From quite a long time, I've been advocating to do a technical change on one of our products. I've given pro's and con's of doing this, along with estimated times and costs. This would reward us with a better image for the customers, which tend to favor this technology over our current one. This has been turned down many times, with different reasons in mind (some of which are time and cost related).

Now, in the meantime, I've been offered a position focused on this technology many times (at least 5 times a month). The last interview I had in place, the company basically said that "despite I look quite experienced, I can't take the position I was offered", suggesting I take a junior position (while currently being much higher in the "ladder").

Because of these issues, I'm planning to start a long course (a year) which should give me enough experience on the topic to get into a senior position straight away. The problem is that this course will require me to reschedule my working times. I'll need to leave 1 hour earlier to arrive to the course in time (which of course is compensated by coming to the office 1 our earlier).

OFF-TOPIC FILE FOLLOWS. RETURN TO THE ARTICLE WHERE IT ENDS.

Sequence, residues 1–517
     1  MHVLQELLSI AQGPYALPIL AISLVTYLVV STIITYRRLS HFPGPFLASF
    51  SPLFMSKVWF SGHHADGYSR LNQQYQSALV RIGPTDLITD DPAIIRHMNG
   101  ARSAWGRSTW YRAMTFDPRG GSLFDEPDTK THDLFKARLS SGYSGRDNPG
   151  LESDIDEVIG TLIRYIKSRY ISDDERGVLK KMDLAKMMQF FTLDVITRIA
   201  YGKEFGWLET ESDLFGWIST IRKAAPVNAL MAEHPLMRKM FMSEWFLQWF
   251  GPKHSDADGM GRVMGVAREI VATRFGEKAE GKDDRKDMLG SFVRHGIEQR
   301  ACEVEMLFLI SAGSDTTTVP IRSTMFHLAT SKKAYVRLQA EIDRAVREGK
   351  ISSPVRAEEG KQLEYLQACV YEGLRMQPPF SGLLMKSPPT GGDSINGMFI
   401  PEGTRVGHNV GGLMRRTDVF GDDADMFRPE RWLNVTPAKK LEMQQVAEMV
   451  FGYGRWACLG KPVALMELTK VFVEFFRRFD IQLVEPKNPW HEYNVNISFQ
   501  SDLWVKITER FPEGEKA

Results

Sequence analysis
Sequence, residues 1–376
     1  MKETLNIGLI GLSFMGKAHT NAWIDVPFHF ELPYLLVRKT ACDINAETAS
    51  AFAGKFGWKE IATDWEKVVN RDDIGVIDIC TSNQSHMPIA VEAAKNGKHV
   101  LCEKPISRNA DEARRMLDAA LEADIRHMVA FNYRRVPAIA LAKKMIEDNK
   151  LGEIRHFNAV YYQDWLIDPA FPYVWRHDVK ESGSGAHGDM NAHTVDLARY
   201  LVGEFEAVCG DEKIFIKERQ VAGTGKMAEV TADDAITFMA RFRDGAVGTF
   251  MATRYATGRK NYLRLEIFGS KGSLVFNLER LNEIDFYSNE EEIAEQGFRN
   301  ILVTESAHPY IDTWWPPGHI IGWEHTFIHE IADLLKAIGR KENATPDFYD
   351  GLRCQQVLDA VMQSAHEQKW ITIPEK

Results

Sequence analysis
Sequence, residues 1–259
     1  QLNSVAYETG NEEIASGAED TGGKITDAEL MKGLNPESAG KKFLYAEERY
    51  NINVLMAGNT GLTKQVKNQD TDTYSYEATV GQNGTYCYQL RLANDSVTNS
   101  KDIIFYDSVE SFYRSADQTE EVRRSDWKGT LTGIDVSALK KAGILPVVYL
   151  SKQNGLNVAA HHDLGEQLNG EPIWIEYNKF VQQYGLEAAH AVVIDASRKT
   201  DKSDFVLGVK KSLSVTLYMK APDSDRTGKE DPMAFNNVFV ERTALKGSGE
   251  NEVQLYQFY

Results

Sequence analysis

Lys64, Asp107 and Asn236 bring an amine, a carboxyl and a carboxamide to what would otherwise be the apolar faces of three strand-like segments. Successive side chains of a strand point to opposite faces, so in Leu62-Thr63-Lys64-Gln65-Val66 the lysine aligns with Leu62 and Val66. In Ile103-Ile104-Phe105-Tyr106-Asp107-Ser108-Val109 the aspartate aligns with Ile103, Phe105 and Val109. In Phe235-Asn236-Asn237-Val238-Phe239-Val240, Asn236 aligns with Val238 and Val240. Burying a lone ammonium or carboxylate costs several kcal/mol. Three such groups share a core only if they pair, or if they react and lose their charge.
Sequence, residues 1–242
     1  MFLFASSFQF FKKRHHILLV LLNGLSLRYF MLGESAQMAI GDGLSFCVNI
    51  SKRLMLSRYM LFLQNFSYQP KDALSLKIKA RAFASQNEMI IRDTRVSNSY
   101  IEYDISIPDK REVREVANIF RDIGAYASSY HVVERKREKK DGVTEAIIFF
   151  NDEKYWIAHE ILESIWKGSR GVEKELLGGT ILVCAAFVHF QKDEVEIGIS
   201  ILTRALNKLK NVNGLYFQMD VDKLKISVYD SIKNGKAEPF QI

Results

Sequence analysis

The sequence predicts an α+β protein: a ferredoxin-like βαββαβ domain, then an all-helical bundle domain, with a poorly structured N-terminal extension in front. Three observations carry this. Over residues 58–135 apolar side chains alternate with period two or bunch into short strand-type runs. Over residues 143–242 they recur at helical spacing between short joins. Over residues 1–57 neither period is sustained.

The company is fine with time changes, as long as they make sense (physical therapy, commutes, etc). However, a reason such as "A course that means a company/position switch" might not be well received.

My boss already stated that this technology change I propose won't happen, and has in fact thought that I finally calmed down and saw nothing but negative points in steering the project's wheel. So, telling him that I'll start attending this course could mean he smells I want to switch to another job, rejecting my request to leave earlier, switching me to another project or even firing me (with a dark scenario in which I want to take an offer where I don't have enough experience/knowledge, or moving to a position of my area, with a similar outcome once I suggest to leave earlier.

I've already seen this in the past. If he dislikes something but then he sees the good part by himself, he'll even push you to complete the course. If he sees all the bad things in a topic, and later on you still remind him about this, you're gonna have a bad time. So...

With this in mind, and provided telling the truth is risky, should I tell him, lie to him or skip doing the course and looking for a less professional alternative (which wouldn't ensure me a good position after all)?

  • 7
    Can't you say your taking a course without being specific? Call it continuing education or something. I don't advocate lying, but you can omit details that will be damaging to your career aspiration, as in this case.